Buyers are despairing of ever being able to find a property, according to the latest BNZ/REINZ survey of real estate agents.
BNZ chief economist Tony Alexander said the survey suggested that prices would continue to rise and the shortage in the market would only get worse.
A net 5.1% of the agents who responded to the survey reported a drop in vendor requests for appraisals, signalling that the shortage of listings in the Auckland market in particular is unlikely to improve any time soon.
Alexander said new building was still not keeping pace, either. “The number of consents issued for the construction of new dwellings was not only well below the 10-year average of 22,000 in March at 17,397, that result was down from February’s 17,481.”
Alexander said the Reserve Bank move to require banks to hold more capital for lending above 80% of a property’s value had made things harder for first-time buyers and had put a premium on high-LVR interest rates.
“Short of an outbreak of foot and mouth devastating the economy there appears little reason for believing other than that house prices will continue to rise strongly.”
A net 9.5% of the 549 people who responded to the survey this month said they had noticed more people going to open homes over the past month, a decline from April.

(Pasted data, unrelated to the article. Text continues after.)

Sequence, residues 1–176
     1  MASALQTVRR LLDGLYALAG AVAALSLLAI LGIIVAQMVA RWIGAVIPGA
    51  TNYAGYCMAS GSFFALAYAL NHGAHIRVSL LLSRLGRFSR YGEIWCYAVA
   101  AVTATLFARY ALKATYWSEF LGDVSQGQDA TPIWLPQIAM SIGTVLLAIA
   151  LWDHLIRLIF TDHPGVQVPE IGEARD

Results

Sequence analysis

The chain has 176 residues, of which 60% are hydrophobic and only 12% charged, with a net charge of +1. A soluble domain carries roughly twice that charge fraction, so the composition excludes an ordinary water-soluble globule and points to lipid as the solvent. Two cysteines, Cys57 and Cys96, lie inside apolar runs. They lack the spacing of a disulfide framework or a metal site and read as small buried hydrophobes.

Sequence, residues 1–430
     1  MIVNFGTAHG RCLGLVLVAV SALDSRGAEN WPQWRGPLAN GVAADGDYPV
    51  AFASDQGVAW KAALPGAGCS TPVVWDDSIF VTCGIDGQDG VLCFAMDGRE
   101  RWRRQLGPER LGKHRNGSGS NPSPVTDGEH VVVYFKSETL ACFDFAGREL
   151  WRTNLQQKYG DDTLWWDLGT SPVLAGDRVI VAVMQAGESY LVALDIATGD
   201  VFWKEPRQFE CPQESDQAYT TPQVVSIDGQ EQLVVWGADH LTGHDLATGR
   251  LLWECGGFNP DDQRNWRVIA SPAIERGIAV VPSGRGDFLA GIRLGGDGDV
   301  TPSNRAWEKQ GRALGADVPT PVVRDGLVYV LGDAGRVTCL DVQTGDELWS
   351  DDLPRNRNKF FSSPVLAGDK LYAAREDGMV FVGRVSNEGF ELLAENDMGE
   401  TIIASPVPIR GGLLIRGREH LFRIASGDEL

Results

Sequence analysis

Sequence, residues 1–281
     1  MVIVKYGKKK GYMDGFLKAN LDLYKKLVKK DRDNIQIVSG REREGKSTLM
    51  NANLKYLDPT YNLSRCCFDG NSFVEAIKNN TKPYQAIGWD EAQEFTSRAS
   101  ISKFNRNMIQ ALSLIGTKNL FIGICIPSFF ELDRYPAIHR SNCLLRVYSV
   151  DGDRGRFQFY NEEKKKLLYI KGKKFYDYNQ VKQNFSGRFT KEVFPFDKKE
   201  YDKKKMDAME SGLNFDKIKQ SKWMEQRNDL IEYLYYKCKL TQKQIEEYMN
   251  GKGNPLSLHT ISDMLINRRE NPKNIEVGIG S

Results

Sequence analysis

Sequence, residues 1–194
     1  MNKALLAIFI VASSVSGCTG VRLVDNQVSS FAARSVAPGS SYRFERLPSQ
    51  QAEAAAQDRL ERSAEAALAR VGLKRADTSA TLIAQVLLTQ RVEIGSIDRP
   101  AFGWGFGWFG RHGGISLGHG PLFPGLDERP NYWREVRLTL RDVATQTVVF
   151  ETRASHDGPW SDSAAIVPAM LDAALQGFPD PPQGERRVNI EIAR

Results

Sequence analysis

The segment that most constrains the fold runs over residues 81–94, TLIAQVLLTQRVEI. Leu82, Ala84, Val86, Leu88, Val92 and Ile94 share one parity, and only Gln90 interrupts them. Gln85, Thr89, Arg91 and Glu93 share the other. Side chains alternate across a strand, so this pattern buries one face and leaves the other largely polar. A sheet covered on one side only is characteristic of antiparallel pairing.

But Alexander said it did not appear that it was a lack of determination to buy that was prompting the easing.
Agents overwhelmingly reported that buyers were more motivated to get a deal done than sellers – a net 21.3% positive.
Alexander said: “This is the highest result in our two-year survey and well above the average of 4.7%. What this perhaps indicates then when taken in conjunction with the easing off in open home numbers and still high interest coming from investors and first home buyers, is that buyers may simply be sick of looking at homes they feel they have no hope of buying. One would not call this buyer fatigue but perhaps buyer despair.”
He said the survey showed that investors were still strong in the market.